Twenty-four hours hadn’t elapsed after the filing deadline when a Tulsa County sheriff hopeful challenged the candidacies of three others in the super-sized field of 13 candidates. The next day a fourth candidate’s eligibility to run was challenged.
Welcome to life in the aftermath of the nearly 27-year reign of former Sheriff Stanley Glanz — the county’s longest-serving sheriff.
Glanz’s resignation in November after a grand jury investigation has prompted a special election to finish his seventh term. Ten Republicans, two Democrats and a Democrat who filed as an Independent have entered the fray to bridge the gap until the next four-year term begins January 2017.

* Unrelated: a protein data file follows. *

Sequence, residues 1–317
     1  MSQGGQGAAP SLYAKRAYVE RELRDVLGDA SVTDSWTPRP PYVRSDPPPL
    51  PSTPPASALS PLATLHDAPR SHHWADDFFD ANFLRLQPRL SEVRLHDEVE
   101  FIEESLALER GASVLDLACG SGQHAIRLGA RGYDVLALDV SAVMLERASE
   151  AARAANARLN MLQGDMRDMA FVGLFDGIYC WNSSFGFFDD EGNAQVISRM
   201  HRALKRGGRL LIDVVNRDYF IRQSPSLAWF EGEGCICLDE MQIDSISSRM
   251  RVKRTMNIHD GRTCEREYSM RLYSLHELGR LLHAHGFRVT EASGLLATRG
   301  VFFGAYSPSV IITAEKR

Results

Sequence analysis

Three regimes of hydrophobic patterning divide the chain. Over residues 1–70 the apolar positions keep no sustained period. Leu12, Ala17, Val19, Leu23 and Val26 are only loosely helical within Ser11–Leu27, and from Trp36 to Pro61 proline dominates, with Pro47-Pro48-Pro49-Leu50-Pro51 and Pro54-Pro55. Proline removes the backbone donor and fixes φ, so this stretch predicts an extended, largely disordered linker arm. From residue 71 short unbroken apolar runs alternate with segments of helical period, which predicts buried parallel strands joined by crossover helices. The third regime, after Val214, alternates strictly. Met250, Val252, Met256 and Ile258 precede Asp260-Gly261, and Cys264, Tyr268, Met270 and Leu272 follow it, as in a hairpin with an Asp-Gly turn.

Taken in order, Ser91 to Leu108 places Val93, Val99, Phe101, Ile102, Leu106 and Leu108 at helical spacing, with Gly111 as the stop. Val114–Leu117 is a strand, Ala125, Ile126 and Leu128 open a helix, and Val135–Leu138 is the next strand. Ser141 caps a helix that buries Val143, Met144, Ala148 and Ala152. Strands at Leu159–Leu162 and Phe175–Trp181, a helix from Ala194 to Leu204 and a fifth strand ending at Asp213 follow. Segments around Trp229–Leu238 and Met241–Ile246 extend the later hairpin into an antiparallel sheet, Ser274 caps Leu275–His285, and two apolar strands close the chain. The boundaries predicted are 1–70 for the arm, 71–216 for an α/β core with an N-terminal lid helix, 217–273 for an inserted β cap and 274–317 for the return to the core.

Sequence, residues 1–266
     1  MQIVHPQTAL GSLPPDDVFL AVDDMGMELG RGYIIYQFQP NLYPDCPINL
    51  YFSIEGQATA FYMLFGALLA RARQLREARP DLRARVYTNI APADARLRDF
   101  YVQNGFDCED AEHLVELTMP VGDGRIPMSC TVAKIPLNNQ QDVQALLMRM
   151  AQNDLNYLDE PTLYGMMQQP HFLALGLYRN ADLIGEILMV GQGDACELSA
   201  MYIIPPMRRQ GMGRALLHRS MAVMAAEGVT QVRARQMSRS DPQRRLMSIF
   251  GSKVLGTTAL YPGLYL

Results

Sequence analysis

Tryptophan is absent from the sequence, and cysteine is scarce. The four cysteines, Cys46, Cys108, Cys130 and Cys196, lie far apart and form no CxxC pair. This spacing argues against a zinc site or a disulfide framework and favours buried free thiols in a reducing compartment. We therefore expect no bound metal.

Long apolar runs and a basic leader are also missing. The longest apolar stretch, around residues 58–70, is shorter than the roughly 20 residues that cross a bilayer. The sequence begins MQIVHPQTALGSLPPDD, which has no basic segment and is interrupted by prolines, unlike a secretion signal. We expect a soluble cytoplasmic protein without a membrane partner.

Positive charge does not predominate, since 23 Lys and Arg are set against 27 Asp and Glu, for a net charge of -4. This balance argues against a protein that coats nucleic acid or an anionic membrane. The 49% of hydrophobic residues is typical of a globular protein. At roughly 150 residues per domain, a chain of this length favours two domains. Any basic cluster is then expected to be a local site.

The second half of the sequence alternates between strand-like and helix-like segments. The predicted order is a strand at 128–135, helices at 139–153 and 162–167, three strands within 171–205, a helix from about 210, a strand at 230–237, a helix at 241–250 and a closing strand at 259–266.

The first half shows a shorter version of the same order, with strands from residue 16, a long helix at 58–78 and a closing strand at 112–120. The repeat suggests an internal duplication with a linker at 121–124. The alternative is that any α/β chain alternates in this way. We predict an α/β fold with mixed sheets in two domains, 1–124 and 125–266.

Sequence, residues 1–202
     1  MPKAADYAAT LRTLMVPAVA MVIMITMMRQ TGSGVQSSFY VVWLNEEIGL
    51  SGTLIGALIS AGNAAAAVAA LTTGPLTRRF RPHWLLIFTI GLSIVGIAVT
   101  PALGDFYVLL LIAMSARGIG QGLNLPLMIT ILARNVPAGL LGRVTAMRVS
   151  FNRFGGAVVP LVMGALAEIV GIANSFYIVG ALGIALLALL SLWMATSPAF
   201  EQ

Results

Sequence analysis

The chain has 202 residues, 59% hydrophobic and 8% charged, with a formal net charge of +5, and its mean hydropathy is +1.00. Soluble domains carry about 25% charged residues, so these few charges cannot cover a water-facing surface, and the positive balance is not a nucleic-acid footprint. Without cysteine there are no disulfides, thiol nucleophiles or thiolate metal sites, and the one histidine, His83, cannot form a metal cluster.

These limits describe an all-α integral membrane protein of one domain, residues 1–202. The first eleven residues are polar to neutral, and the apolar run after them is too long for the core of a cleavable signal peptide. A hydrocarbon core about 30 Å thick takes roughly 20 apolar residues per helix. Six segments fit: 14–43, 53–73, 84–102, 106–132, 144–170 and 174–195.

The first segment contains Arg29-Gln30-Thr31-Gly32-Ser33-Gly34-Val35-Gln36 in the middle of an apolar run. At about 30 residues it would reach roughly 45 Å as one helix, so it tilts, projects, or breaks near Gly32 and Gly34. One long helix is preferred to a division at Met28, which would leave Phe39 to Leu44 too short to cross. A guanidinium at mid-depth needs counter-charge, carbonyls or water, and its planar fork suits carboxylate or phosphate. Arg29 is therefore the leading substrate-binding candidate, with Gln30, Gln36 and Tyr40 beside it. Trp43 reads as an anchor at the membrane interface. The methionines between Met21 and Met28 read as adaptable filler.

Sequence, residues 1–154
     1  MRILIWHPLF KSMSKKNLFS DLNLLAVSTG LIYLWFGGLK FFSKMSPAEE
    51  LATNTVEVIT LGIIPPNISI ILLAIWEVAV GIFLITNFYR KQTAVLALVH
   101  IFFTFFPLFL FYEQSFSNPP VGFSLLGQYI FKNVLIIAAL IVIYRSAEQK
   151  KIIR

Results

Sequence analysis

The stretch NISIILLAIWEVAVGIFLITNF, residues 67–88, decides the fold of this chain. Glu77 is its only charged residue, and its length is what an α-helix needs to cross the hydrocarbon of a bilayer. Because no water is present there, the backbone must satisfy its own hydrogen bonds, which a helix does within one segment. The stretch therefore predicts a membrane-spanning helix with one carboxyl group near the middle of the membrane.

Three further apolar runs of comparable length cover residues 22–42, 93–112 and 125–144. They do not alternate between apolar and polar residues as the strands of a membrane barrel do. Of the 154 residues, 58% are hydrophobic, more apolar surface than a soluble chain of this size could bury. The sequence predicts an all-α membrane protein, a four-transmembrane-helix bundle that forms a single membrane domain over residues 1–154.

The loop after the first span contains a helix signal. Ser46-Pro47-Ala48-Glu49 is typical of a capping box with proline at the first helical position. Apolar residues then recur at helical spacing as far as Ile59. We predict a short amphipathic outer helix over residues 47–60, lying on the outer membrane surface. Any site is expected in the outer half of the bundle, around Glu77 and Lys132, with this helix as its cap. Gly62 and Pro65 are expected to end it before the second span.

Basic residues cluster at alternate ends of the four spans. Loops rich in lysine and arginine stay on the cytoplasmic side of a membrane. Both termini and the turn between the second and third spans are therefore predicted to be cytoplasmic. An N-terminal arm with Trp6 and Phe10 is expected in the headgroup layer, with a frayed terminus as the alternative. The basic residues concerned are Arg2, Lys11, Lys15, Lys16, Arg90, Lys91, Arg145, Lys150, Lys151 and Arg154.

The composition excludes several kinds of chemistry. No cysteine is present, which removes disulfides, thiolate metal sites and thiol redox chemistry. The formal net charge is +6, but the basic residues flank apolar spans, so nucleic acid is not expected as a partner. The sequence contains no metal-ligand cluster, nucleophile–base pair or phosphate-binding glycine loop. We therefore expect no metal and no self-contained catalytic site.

The candidacies of John Fitzpatrick, Arthur Jackson, Henry Jones and Erich Richter have come under scrutiny. The peace officer certification status of Fitzpatrick, Arthur Jackson and Jones are up for debate after sheriff hopeful Jason Jackson filed to contest their candidacies. Voter registry or party affiliation filing issues hamper Arthur Jackson, Jones and Richter.
Those queries will be addressed at the Tulsa County Election Board in hearings scheduled to begin 9 a.m. Thursday.
But other questions have arisen about one candidate’s past that won’t be under examination at the Election Board.
Tulsa Jail records archived by the World show Richter was arrested twice in 2012. He was arrested in June that year on suspicion of false pretense over $500 or con game, and then again in December in connection with larceny from a house.